Junior doctors strike for the third time today, following complete breakdown in contract negotiations that began two years ago
The walkout which began 8.00, March 9 will see junior doctors across England retract all non-emergency services for 48 hours, the longest strike so far. This strike is the first since February, when the government said they would impose the contact without further negotiation.
The strike has resulted in over 5,000 procedures and routine operations across England being cancelled.
The government claims the contract change is necessary as part of their manifesto pledge to create a ‘seven day NHS’. However, many have highlighted that with existing shortages staff will be unable to cover more shifts, without risking patient safely:
— David Schneider (@davidschneider) March 9, 2016
In the last round of negotiations, held with the help of conciliation service Acas, many points of contention were settled. However the BMA, the union that represents UK doctors, refused to accept that Saturday will be paid at the same rate as a normal working day.
The government made a final “take it or leave it” offer on February 10, the night of the last strike. Junior doctors were offered a 13.5 per cent basic pay rise, to compensate for cuts to supplementary pay for unsocial hours. The government also promised to protect the pay of those who work the most unsocial hours who would be likely to receive a pay cut. This pay protection was not extended to cover future doctors.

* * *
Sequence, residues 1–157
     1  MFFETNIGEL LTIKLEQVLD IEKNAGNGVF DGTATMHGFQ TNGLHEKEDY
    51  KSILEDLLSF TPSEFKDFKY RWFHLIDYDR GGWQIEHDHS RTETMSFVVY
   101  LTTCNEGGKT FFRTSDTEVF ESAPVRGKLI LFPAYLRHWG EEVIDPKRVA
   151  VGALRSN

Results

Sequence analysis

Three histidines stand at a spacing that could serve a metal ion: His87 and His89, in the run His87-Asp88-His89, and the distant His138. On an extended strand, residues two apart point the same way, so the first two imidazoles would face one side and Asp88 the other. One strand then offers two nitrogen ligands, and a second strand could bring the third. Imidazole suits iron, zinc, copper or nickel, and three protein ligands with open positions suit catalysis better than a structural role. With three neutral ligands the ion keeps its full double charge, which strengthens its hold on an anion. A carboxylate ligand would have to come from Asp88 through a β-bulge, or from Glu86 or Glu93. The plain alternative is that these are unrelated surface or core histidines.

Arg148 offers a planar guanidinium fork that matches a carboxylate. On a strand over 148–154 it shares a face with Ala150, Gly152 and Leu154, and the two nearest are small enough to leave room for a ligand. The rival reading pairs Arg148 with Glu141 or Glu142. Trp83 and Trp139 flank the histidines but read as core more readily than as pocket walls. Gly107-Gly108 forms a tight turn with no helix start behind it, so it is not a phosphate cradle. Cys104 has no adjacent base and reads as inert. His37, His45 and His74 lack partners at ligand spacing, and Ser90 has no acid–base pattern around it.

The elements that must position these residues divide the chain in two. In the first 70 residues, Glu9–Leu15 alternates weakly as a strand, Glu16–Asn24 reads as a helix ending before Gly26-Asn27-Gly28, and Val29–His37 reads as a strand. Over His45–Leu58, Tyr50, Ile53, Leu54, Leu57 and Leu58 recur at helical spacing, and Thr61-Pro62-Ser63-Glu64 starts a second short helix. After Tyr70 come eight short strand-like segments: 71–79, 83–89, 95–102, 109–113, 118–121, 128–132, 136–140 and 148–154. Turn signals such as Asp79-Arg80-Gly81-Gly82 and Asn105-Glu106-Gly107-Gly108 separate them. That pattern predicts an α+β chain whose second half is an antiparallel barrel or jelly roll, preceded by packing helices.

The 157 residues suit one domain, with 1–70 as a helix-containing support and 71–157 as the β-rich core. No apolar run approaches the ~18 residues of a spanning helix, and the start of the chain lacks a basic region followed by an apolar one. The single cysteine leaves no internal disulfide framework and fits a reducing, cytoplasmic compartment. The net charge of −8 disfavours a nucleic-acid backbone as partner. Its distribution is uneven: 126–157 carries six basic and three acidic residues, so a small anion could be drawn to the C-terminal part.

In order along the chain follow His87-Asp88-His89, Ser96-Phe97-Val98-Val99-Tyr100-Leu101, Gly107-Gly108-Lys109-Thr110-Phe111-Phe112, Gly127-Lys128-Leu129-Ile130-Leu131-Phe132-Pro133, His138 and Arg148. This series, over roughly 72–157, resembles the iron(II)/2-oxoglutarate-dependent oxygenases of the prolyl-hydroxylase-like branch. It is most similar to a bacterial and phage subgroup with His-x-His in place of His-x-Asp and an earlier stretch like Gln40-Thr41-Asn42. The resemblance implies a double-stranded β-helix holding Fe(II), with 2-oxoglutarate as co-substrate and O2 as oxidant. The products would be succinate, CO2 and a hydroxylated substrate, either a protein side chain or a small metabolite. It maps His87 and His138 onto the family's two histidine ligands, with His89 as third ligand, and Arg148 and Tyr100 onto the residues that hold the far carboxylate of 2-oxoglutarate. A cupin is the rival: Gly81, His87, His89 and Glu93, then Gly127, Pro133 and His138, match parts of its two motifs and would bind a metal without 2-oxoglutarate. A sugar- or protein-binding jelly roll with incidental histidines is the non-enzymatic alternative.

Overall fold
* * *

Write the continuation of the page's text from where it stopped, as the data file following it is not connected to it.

This video shows Oxford medical student, Eirion Slade, express his disdain in a protest parody of Jessie J’s, Pricetag:
Following the BMAs refusal a new contract proposal has been drawn up. As well as Saturday pay other concerns include cuts to the GP trainee supplement which ensures family doctors do not earn less than their hospital colleagues. Without supplementation, it is believed GPs will be paid on average 31 per cent less than hospital trainees. Recruitment is a growing concern for general practice, 31 per cent of practices in London need at least one more full time GP.
Other concerns include pay protection for those who work part time, particularly parents and care givers, as they may fail to meet the criteria for any Saturday supplement.
The BMA is refusing to enter into any more negotiations until the government promises not to impose the contract, in the case of an agreement not being reached. They argue because the NHS is junior doctors’ sole employer, they have a monopoly, making junior doctors’ bargaining position very weak.
The Government has said they want to introduce a new contract in time for it to be used with the August 2016 intake in England.
Over 19,000 treatments have already been cancelled due to recent strike action; this number is set to grow, with two more 48 hour strikes planned for April 6 and April 26.